In "The Old Man and the Sea," the sea functions as a symbol of the entire natural world, isolation, loneliness and solitude. The sea is also a symbol for love, beauty, danger and cruelty. The sea is also a woman for the old man.
The old man chooses to work with "her" by reading the signs of the ocean in order to determine the best place to fish.
His relationship with the sea is founded in respect, whereas the other, younger fisherman in the story looks to conquer the sea. The sea symbolizes a more masculine entity for the younger fisherman. The difference in their relationships with the sea is exaggerated through their language. The old man refers to the sea by its feminine name "la mar," while the younger fisherman uses its masculine name "el mar."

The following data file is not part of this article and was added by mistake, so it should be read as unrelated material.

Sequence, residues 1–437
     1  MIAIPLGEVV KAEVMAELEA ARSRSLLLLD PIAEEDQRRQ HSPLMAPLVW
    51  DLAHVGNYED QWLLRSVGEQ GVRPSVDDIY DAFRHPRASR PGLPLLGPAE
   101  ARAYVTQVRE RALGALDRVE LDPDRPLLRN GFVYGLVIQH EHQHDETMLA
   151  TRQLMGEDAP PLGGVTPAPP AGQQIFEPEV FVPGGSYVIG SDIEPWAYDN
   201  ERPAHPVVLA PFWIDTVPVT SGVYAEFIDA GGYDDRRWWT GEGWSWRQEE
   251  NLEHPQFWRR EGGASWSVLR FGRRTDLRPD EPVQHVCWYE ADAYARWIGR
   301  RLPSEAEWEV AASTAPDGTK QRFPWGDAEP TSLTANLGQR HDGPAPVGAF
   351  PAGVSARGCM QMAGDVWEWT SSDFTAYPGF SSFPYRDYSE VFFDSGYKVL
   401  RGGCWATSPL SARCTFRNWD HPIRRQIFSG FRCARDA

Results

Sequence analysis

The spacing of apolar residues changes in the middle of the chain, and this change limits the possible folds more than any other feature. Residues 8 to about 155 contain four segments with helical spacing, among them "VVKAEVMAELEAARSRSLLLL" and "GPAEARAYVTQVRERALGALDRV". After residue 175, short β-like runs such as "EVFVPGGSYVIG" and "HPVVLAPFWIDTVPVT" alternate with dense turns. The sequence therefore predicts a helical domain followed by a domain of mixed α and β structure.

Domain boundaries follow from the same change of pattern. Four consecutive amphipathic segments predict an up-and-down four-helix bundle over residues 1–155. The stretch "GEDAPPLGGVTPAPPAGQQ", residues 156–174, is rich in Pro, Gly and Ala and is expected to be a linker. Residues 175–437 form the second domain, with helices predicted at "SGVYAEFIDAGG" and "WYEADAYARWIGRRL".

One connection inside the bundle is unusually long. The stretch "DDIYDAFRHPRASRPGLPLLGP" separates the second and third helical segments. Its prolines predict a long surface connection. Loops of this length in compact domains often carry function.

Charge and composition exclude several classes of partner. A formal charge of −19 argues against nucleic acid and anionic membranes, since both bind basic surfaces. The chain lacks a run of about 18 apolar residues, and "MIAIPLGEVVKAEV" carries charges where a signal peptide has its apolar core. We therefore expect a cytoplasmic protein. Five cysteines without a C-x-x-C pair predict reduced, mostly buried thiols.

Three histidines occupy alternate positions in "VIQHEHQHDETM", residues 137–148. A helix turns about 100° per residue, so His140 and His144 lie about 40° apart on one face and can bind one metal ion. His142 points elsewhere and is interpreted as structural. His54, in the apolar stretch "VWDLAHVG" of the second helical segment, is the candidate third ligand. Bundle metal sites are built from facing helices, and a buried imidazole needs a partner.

The sea as a symbol of isolation and solitude is reinforced by the change in the narrating style the author uses when the old man is at sea. The narrator tells the story from a third-person perspective when the old man is on land, and then changes to reveal to the reader what the old man is thinking when he is out at sea.